Why is Grand Inga being proposed?
Africa faces a huge energy gap that has contributed to slow economic development and poverty. On the other hand, Africa has a huge potential for all forms of energy – hydropower, solar, wind and fossil fuel energy. The proponents of the Grand Inga project (mainly African governments and development organizations) consider hydropower to be clean renewable energy.
They have put forward arguments that the Grand Inga hydropower scheme will provide cheaper and readily available energy and allow Africa’s industrial and manufacturing industry to take off. In addition, the project is promoted as being good for promoting peace in the region and for the environment. However, a number of concerns that include environmental and social impacts of this project have not yet been addressed and all energy options are still to be explored.
What is the current status of the project?
South Africa and the DRC signed a Memorandum of Understanding (MOU) in November 2011 for the development of Grand Inga. So far three feasibility studies for the Grand Inga have been done, with the latest having been carried out in 2009. In May 2013, the two governments signed a co-operation Treaty to jointly develop the Inga 3 Dam, and the treaty was ratified by DRC in 2014. South Africa would purchase 2,500 MW of the total 4,800 MW generated, making it the principal buyer for Inga 3 electricity. Following the signing of the treaty, the DRC relaunched the process for the selection of a developer and established the first stage objective of the Inga dam – to lay the foundation stone in October 2015. In March 2015, the World Bank announced that construction work of Inga 3 BC won't begin until 2017 at the earliest. A number of consortia including Sinohydro, the Three Gorges Corporation from China, Actividades de Construcion y Servicios (ACS), Eurofinsa and AEE from Spain and Daewoo-Posco from Korea are currently bidding for selection as developers of the Grand Inga. The Terms of Reference for the Socio and Environmental Impact Studies (SEIA) for Inga 3 were posted in early July 2013 for public comments. These studies have not yet been concluded and construction is planned to commence in 2017. The feasibility study report was presented to the public in September, 2013 in Kinshasa.
What are the likely negative impacts of the dam?
The Grand Inga is a massive project that will require huge sums of money for its realization and astute management for tendering process and implementation. Based on history there are high risks of corrupt deals and ever-escalating costs. Because of its unique ecological systems, huge ecological impacts that include nutrient and sediment trapping and loss of the mid-Atlantic plume are anticipated. Diverting the flow of the Congo river to create a reservoir would flood the Bundi Valley, affecting local agricultural lands and natural environments, and may cause huge methane emissions that would contribute to global warming. The effect of a reduced flow in the Congo River may cause loss of biodiversity and a shift in the dominant species. The flooded area may also create an environment that is conducive for the breeding of water-borne vectors such as the malanquin mosquito.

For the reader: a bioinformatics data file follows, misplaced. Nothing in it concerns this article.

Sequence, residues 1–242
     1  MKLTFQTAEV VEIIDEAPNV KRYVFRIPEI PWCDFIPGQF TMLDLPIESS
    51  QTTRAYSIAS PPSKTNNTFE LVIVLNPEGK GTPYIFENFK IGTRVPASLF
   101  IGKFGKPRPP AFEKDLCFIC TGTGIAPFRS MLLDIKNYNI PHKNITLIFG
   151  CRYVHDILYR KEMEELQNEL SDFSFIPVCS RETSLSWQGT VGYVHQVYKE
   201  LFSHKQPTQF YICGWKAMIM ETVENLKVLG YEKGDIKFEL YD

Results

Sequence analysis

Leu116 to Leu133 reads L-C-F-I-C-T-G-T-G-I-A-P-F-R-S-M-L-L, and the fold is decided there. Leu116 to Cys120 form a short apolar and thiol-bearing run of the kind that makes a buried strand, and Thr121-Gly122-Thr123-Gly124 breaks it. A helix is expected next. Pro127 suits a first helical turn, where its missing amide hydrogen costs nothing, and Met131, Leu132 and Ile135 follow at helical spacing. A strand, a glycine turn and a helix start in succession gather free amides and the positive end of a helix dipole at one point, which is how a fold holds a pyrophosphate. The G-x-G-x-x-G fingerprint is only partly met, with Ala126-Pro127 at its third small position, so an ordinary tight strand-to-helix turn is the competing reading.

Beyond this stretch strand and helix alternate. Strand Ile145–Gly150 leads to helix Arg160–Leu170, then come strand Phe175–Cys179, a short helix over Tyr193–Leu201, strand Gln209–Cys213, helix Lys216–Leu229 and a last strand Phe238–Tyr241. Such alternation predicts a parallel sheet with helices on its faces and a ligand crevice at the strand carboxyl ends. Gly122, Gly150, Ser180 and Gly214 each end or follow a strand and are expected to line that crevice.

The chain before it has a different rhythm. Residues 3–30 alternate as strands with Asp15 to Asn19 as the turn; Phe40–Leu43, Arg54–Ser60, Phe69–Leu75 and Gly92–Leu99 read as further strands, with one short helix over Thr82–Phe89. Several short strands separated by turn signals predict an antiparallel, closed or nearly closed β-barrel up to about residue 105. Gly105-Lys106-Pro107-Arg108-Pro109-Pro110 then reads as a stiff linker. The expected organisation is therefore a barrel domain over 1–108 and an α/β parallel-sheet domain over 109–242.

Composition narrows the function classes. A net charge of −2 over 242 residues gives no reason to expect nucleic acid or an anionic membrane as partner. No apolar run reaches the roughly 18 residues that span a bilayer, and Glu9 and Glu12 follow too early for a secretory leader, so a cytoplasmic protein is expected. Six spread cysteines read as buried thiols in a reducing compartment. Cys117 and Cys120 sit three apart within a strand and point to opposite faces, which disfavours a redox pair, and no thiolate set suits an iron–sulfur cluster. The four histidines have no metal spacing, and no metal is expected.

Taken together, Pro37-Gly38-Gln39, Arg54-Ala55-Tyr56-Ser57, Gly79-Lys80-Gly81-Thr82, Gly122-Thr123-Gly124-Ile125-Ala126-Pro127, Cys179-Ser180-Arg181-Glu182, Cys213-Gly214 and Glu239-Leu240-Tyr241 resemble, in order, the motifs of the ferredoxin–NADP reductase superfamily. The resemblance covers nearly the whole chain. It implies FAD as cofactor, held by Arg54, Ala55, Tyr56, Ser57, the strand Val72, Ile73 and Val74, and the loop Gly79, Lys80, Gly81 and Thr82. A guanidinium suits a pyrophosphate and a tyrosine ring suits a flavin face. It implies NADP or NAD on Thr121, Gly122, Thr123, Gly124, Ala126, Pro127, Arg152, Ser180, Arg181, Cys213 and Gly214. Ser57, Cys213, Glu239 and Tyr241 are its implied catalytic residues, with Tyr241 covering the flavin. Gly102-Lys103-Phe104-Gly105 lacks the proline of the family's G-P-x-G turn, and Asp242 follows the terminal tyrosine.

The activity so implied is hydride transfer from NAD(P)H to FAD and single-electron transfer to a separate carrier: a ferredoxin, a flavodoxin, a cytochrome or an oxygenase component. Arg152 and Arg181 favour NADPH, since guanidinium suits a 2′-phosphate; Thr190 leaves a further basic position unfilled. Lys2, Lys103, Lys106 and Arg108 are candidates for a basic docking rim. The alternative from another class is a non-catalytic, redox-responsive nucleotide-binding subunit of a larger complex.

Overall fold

Transmission lines always result in huge corridors of forests being cleared. The DRC has the worlds’ second-largest rainforest and loss of the forest to create paths for electricity transmission lines would have significant environmental and social impacts, not to mention the security and maintenance risks posed by such a long transmission system.
Very little of the electricity generated by Grand Inga would provide for city- or village-level power to Congolese people. There are claims that the power would uplift the DRC, but so far there is no strategy to show how poor communities would access the electricity.
Our concerns are that 91% of the people in DRC have no electricity and yet the continent’s biggest infrastructure investment would all be for the extractive industries and far-away urban centers. We are further troubled by the impacts the dam would have on sediment transportation and biogeochemical processes in the Atlantic, possible carbon emissions from the reservoir (no matter how little) and largely the socioeconomic impacts. The socioeconomic impacts include impacts on the people living in the area that would be inundated and the cost-benefit for the poor people of the DRC, especially in terms of debt burden and access to modern electricity. The DRC needs to subject the Grand Inga proposal to the World Commission on Dams standards.
The nearby Inga 1 and 2 Dams are undergoing a major rehabilitation with financial assistance from the World Bank, European Investment Bank and African Development Bank. Inga 2 is also undergoing rehabilitation through a partial privatization scheme with a little-known company, MagEnergy, and financial support from South Africa's Industrial Development Corporation. Inga's displaced communities have been struggling since the 1960s to obtain fair compensation and have received nothing to date. The poor maintenance and financial problems of Inga 1 and 2 raise concerns about the operational risks of Inga 3 and Grand Inga.
Corruption is prevalent in the DRC and huge infrastructure are prone to corruption. Most large infrastracture whose construction stretches over years have been known to incur huge cost overruns. Many people consider US$80 billion for the Grand Inga as an underestimate. We wonder what the full cost would be.